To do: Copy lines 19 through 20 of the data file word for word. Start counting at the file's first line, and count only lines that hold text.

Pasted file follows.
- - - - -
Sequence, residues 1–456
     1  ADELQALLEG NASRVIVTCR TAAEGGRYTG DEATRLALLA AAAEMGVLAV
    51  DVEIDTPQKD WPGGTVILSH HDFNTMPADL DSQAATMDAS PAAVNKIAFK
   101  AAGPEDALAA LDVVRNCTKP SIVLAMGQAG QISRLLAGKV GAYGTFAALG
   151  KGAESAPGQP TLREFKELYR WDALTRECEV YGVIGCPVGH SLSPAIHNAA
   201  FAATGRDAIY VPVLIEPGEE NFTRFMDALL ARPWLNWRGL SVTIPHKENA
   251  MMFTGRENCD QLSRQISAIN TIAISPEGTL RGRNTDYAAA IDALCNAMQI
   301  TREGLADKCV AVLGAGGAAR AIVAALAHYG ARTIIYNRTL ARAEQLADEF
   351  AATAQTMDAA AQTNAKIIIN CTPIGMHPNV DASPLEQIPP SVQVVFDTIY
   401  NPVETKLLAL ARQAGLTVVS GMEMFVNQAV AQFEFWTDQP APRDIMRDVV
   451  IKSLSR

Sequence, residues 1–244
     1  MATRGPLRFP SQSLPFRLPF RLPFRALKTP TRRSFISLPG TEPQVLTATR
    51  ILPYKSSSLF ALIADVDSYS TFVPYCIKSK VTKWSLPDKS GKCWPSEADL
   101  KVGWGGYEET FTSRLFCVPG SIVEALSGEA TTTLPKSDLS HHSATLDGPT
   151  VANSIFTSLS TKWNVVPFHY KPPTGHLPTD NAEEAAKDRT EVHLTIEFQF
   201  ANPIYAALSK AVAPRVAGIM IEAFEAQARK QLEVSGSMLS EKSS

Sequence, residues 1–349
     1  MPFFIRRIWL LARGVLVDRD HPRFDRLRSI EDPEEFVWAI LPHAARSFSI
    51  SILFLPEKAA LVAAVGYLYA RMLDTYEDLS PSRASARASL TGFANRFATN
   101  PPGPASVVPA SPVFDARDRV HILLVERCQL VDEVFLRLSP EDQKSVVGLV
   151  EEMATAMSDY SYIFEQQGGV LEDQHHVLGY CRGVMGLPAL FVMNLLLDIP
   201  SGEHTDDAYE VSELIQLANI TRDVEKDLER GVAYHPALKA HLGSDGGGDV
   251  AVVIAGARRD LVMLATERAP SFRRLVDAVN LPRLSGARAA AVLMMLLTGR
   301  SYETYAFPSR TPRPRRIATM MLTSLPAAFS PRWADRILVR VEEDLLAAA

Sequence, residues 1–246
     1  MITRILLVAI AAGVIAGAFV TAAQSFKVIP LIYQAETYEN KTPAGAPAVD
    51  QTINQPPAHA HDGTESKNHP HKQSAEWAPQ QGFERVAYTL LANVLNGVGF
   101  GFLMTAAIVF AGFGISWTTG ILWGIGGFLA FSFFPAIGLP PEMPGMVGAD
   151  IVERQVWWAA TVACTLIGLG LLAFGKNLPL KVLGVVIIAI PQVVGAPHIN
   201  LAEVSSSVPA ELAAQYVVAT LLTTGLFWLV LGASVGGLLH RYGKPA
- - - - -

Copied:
     1  MPFFIRRIWL LARGVLVDRD HPRFDRLRSI EDPEEFVWAI LPHAARSFSI
    51  SILFLPEKAA LVAAVGYLYA RMLDTYEDLS PSRASARASL TGFANRFATN